"Health wise I am feeling great. I am a big supporter of trials - it allows new treatments and drugs to be brought in.”
A trial looking at a biological therapy to treat prostate cancer that has come back after treatment (AdUP)
Please note - this trial is no longer recruiting patients. We hope to add results when they are available.
This trial is looking at the safety and side effects of an injection called AdNRGM, and a drug called CB1954.
More about this trial
If your prostate cancer comes back after radiotherapy aimed to cure it, you may have hormone therapy to control it. But although hormone therapy can work for a time, the cancer may stop responding at some point (it becomes
In this trial, researchers are looking at a possible treatment to help men in this situation. The treatment is in 2 parts. The first part is an injection called AdNRGM. It is made from a common virus called adenovirus, which usually causes colds and sore throats. Researchers have altered the virus so that it can’t spread. And, have made it produce an
The injection also contains GM-CSF, which helps the body’s immune system to fight infection. It may help the immune system work against prostate cancer.
The second part of the treatment is a pro drug called CB1954. A pro drug is a drug that only becomes active when given with another substance. In this trial, it is the NR enzyme produced by the virus in the AdNRGM injection that makes CB1954 active.
You have the virus injection into your prostate gland while you are under
The aims of this trial are to
- Learn more about the safety of combined treatment with the virus injection (AdNRGM) and the drug CB1954
- Find out about any side effects
Who can enter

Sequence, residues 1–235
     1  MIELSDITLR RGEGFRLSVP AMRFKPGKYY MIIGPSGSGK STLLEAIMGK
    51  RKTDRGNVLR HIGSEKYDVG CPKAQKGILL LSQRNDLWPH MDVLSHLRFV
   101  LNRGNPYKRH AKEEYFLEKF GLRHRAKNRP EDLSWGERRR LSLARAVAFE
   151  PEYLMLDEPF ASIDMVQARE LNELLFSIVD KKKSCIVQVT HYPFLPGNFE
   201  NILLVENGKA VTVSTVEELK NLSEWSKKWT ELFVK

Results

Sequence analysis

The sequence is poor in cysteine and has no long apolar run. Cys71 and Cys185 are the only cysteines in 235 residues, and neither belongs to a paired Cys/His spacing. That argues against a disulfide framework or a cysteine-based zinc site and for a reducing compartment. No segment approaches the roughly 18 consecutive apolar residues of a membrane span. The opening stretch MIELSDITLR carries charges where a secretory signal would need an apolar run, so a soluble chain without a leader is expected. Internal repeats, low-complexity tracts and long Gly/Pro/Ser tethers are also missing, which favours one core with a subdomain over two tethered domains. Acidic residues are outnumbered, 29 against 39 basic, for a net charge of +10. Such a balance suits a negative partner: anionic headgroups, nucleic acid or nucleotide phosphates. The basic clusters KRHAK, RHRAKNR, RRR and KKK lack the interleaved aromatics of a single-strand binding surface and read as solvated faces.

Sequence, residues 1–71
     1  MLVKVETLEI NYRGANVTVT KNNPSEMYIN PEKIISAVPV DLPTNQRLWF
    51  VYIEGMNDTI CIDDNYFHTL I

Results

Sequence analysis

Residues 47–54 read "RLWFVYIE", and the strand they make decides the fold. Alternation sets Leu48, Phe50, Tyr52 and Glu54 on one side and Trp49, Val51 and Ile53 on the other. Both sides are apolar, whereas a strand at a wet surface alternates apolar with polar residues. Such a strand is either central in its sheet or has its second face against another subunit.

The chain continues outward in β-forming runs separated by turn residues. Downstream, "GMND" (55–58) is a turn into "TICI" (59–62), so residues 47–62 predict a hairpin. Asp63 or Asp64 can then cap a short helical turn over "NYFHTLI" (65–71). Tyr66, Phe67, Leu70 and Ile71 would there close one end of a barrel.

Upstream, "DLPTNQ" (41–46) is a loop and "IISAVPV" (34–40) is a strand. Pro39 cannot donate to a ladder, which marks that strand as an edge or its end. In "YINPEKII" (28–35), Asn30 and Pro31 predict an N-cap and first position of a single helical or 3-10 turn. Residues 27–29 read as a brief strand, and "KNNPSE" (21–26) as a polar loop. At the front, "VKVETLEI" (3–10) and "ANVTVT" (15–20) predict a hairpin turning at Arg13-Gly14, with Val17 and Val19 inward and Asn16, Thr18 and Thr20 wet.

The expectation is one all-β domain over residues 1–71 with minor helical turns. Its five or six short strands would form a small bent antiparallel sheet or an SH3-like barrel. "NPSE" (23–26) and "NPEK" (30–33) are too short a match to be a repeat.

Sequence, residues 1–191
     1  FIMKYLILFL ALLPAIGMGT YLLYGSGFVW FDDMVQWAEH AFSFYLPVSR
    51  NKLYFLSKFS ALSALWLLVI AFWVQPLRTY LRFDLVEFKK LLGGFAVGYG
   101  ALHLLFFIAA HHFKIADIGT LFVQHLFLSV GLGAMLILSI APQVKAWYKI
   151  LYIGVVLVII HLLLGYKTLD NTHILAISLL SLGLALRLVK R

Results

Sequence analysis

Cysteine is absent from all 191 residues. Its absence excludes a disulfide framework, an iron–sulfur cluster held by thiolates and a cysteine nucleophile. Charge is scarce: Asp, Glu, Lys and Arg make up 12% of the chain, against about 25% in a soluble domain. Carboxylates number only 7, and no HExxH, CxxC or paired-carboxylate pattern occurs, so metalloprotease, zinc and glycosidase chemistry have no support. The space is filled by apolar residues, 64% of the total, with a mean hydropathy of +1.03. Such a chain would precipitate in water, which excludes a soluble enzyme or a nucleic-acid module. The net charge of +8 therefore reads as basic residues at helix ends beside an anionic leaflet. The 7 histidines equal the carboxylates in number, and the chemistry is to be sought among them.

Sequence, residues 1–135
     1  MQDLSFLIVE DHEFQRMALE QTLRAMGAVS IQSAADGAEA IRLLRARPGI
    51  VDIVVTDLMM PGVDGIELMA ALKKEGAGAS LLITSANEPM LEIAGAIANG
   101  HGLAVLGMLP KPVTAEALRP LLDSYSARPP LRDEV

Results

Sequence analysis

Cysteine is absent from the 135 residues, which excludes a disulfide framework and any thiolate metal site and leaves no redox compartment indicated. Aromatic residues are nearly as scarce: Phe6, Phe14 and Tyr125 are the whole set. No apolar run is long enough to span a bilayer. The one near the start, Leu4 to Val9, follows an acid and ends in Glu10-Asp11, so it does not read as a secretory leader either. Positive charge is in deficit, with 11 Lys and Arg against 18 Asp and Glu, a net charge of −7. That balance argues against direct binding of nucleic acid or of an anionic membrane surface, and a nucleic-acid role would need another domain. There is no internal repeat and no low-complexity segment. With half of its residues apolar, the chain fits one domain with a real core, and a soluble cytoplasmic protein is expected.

You may be able to enter this trial if
- You have prostate cancer
- You have had radiotherapy that aimed to cure your cancer but the cancer has come back and you have had both your testicles removed
Or you have had radiotherapy that aimed to cure your cancer but the cancer has come back but your PSA level is rising
- Your PSA level is between 2 and 100
- You are well enough to carry out all your normal activities, apart from heavy physical work (performance status of 0 or 1)
- You have satisfactory blood test results
- You are willing to use at least 2 methods of reliable contraception from when you have the trial drugs, for at least 12 months if there is any chance your partner could become pregnant
- You are at least 18 years old
You cannot enter this trial if you
- Would not be able to have injections into your prostate through the area of skin behind the testicles for any reason – you can ask your doctor about this
- You have had internal radiotherapy (brachytherapy) to treat your prostate cancer
- You have had the trial drugs before, or taken part in another trial of gene therapy that also used adenovirus in the past 5 years – you can ask your doctor about this
- You have had chemotherapy, radiotherapy or
immunotherapyin the last 28 days
- Are taking steroids or any other drug that dampens your immune system
- Have an active infection, including adenovirus
- Have hepatitis B, hepatitis C or HIV